¶20 In State v. Burden, Okl., 338 P.2d 154 (1959), we held that the fact that the State might have had a legitimate right to construct a curbing along condemned land did not bar the condemnee's right to damages resulting from the interference with the landowner's right of ingress and egress, caused by the construction of the curbing. Using the same rationale, I would hold that the fact that the State did not act arbitrarily or capriciously in constructing the limited access highway does not bar a citizen's right to be compensated for the loss of a substantial part of his access to and from his property.

¶21 In reaching our decision in Brewer v. City of Norman, supra, we briefly discussed the existence of a dichotomy between the exercise of police power and the exercise of eminent domain. The rationale accompanying such a dichotomy is that a governmental entity, when exercising its police power, can only be held liable, regardless of the damage it causes, if its exercise of police power is unreasonable, capricious or arbitrary. Although, the use of either the eminent domain approach or the police power approach can reach the same result, with courts finding a denial of reasonable access to be an unreasonable exercise of police power, I find that such an analysis is confusing and obfuscates the principal issue in cases dealing with the loss of access. The controlling issue for the finder of fact in such a case is: Did governmental action cause a substantial loss of access to the main system of roads? If the finder of fact answers this question affirmatively, liability attaches, and the landowner is entitled to compensation.

¶22 A clear understanding of the logical analysis underlining the substantial loss rationale is essential to its proper application. The underlying analysis contains four steps:

First, the "property right of access" should be defined. This property right to access, as demonstrated by the case law discussed above, is not a right to unlimited access, but is a right to reasonable access.

I would thus define the "property right to access" as: The reasonable ability of a landowner to reach the abutting public ways by customary means of locomotion and then to reach the general system of public ways in a reasonable manner.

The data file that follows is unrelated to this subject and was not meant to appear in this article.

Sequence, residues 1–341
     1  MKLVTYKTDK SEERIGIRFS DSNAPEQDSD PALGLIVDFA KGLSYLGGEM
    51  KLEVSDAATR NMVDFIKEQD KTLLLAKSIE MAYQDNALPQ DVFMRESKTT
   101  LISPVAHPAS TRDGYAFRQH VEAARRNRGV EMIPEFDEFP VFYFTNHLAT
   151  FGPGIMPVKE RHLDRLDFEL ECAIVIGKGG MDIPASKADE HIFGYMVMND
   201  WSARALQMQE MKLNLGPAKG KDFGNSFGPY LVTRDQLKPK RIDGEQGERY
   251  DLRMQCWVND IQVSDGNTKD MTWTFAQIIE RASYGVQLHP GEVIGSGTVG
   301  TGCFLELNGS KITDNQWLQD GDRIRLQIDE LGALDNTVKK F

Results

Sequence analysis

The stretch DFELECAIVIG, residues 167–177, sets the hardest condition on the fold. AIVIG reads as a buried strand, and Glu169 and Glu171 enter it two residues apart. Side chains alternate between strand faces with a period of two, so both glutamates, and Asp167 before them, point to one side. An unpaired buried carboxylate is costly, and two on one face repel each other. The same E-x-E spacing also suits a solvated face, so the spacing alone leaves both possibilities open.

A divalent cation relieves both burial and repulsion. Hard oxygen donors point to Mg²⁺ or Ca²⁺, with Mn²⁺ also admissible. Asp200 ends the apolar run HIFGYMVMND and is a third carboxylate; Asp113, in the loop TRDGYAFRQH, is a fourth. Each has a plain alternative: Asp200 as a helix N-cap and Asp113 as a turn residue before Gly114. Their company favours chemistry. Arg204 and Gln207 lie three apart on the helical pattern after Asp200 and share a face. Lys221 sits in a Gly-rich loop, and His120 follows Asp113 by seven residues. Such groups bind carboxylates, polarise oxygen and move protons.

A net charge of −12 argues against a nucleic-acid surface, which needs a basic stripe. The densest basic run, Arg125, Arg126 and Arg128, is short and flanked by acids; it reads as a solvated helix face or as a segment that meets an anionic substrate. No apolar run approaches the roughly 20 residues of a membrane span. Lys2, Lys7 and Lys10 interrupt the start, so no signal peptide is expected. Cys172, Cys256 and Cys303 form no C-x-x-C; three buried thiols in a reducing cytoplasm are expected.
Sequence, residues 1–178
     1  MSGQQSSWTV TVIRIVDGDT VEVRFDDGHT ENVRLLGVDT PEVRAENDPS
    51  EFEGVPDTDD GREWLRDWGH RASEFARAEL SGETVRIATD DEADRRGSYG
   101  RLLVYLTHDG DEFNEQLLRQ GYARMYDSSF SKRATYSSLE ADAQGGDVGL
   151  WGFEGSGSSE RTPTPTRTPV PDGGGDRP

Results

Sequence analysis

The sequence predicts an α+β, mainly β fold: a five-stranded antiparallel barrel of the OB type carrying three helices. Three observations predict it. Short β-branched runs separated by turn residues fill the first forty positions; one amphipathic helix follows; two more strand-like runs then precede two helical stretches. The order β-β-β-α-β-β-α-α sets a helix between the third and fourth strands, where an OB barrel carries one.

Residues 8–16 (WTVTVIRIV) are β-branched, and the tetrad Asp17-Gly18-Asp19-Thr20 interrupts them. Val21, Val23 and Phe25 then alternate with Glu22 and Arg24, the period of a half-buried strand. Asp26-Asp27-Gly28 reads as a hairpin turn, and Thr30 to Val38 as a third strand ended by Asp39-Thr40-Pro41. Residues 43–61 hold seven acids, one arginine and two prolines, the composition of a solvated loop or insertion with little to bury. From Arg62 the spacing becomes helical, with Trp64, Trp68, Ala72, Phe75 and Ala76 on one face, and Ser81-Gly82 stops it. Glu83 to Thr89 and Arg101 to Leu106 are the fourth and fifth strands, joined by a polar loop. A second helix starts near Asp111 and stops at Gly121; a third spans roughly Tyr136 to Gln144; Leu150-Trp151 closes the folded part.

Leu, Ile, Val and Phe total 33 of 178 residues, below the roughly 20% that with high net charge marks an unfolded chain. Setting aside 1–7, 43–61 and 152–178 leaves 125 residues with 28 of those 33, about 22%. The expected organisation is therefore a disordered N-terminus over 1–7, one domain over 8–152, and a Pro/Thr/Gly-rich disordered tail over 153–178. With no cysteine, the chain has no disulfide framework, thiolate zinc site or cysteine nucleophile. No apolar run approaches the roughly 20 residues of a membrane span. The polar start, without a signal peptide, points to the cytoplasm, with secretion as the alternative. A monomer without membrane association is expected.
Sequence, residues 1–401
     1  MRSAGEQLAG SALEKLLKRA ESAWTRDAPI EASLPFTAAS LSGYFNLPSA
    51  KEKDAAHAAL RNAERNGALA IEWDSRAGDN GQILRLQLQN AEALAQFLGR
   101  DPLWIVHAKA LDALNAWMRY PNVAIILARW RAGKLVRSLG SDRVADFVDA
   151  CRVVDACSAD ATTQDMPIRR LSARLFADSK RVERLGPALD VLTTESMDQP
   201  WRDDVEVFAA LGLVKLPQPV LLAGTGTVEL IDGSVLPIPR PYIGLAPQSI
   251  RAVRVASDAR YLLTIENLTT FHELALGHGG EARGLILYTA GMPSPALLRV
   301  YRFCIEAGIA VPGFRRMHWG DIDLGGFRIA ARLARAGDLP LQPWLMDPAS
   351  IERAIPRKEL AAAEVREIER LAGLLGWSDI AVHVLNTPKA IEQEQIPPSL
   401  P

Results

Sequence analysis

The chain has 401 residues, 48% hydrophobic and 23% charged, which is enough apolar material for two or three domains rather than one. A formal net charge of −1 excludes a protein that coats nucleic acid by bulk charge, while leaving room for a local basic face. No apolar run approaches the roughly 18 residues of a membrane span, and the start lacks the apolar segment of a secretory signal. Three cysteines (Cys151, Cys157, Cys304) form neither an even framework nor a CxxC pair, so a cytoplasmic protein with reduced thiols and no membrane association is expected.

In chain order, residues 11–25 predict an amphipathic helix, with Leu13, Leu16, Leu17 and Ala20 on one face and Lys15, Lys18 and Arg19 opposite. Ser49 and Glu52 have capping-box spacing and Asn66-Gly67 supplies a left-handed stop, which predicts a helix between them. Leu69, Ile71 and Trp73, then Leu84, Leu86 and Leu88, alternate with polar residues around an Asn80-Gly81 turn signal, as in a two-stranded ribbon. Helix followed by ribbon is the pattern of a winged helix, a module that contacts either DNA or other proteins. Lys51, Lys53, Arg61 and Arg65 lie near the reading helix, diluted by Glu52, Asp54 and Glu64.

Second, the finder of fact must determine if any governmental activity has affected one's property right to access.

Third, the finder of fact must determine whether the property right of access involved has been "damaged" - that is, whether there has been a substantial or unreasonable loss of the right to access.

Fourth, if it is determined that a substantial or unreasonable loss of the right to access has occurred, the finder of fact must then assess the damages caused by such loss.

¶23 The measure of damages in such instances is the difference between the market value of the property before and after the loss. In awarding damages, the finder of fact may consider any change in the highest and best use which may have occurred as a result of the loss. For this limited purpose, the court may in its discretion receive with [571 P.2d 1215] caution evidence of lost patronage. See State ex rel. Department of Highways v. Bowles, Okl., 472 P.2d 896 (1970). However, no damage as such may be asserted for diversion of traffic or for loss of customers, business, good will, income, or profits, the latter depends not only on the location of access, but on many complex intangible variables. See Oldfield v. City of Tulsa, 170 Okl. 329, 41 P.2d 71 (1935), and State ex rel. Department of Highways v. Bowles, supra. Thus, only the diminution in value of the real estate and improvements thereon is relevant.

¶24 The evidence in this case clearly demonstrated that appellant motel corporation's right to access had been damaged. The jury should have been given the opportunity to determine whether appellant's right to access had been substantially damaged.